CARSON CITY — A bill expanding the age requirement for the use of child restraints in motor vehicles won approval Tuesday in the Assembly Transportation Committee.
Senate Bill 156 would require children under age 8 and less than 57 inches tall to be secured in a restraint system, an expansion from the current law that covers children under age 6. A weight limit factor would be eliminated. The bill also would require children under 13 to ride in the back seat where practicable.
The bill would bring Nevada in line with national standards and requirements in 23 other states, a legislative panel was told last week at a hearing on the measure.
The bill has already passed the Senate by a 14-7 vote. The bill will now go to the full Assembly. If approved, it will go to Gov. Brian Sandoval for his consideration.
The bill saw “no” votes from Assemblymen John Ellison, R-Elko; Jim Wheeler, R-Gardnerville; and Richard McArthur, R-Las Vegas.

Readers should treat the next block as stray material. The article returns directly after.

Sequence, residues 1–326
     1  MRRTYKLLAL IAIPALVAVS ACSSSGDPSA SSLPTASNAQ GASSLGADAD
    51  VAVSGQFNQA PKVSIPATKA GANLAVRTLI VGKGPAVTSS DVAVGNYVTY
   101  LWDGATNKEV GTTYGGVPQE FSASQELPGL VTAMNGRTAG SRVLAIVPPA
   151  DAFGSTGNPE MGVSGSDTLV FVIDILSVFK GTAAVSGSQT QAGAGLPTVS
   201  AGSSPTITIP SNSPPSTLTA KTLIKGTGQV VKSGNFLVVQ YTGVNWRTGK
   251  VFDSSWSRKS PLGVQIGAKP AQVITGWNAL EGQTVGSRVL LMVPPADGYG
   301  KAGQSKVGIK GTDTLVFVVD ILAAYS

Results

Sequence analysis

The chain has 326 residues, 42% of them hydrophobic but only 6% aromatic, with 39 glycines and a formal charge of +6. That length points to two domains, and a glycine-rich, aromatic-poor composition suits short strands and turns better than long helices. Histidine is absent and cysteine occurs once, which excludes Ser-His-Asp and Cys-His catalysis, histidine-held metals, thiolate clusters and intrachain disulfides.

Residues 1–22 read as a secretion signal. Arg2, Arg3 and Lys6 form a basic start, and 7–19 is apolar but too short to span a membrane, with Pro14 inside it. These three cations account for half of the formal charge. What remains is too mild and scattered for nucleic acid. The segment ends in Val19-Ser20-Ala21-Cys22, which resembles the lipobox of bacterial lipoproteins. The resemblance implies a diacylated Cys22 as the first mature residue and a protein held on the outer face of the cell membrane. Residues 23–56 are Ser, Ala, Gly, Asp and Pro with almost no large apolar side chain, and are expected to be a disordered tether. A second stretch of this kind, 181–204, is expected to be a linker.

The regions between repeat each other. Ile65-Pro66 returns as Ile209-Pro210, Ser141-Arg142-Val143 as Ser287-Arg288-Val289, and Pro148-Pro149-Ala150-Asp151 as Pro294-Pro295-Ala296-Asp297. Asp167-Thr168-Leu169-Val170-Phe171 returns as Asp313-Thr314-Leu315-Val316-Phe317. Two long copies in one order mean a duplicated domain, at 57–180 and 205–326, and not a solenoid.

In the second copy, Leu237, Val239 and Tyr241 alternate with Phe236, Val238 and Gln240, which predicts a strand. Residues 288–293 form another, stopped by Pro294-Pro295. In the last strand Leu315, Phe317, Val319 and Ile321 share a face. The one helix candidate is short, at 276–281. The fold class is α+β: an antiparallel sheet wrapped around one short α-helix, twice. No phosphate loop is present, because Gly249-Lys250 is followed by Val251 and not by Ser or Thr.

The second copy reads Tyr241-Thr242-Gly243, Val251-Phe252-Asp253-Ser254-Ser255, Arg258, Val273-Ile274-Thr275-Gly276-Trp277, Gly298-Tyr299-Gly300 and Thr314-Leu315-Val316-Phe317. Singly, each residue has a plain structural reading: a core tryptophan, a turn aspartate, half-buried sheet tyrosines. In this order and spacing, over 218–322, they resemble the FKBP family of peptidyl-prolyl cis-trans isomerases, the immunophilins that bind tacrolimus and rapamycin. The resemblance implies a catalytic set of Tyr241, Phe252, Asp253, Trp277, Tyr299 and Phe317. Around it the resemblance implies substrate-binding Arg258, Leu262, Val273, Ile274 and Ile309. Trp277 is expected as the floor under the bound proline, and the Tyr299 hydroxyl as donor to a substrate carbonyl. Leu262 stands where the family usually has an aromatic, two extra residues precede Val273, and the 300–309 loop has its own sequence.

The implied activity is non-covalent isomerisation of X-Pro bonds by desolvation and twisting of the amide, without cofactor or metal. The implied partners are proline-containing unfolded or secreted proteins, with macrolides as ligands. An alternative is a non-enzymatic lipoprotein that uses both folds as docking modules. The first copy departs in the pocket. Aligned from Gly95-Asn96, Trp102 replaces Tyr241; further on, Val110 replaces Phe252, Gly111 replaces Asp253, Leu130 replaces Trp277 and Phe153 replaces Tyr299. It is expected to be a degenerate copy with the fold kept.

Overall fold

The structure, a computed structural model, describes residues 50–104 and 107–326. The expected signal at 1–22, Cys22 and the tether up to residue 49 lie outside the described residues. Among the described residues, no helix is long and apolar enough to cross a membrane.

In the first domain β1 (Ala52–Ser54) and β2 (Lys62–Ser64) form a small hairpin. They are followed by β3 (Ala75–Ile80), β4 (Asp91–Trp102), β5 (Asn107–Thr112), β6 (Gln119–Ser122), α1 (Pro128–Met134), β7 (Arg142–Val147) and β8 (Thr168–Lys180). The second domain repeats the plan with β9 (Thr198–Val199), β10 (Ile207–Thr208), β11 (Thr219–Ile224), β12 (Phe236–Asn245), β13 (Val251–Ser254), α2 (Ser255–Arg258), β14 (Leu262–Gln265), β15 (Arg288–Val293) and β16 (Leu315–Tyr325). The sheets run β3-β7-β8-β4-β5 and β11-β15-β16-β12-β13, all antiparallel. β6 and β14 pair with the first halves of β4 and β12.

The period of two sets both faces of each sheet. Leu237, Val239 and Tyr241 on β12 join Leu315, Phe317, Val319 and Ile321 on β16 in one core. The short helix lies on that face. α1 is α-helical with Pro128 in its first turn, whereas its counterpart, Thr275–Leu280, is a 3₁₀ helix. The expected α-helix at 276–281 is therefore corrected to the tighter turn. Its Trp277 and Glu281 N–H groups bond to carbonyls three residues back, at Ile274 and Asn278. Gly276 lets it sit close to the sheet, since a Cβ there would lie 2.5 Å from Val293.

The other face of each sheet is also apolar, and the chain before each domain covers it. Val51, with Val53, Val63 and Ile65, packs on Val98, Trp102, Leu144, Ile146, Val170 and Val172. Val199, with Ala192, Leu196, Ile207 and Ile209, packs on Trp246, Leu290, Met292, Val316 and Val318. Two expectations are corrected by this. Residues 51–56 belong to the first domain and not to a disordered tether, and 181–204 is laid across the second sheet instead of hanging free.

Jeanne Cosgrove Marsala, representing Safe Kids Clark County, said at the hearing on the bill last week that front seat air bags can kill children under age 13, but there is no prohibition in Nevada law requiring children to ride in the back seat.
The bill is needed to improve child safety in Nevada, bill sponsor Sen. Joyce Woodhouse, D-Henderson, told the committee at the hearing.
Nevada law deems it a primary offense allowing for a traffic stop and citation if a child under 6 is not properly secured in a vehicle. The bill would expand the primary offense to children under age 13.
The bill would also allow a citation to be issued to a parent or guardian riding in a vehicle as a passenger where a child was not properly restrained.
Contact Sean Whaley at email@example.com or 775-461-3820. Follow @seanw801 on Twitter.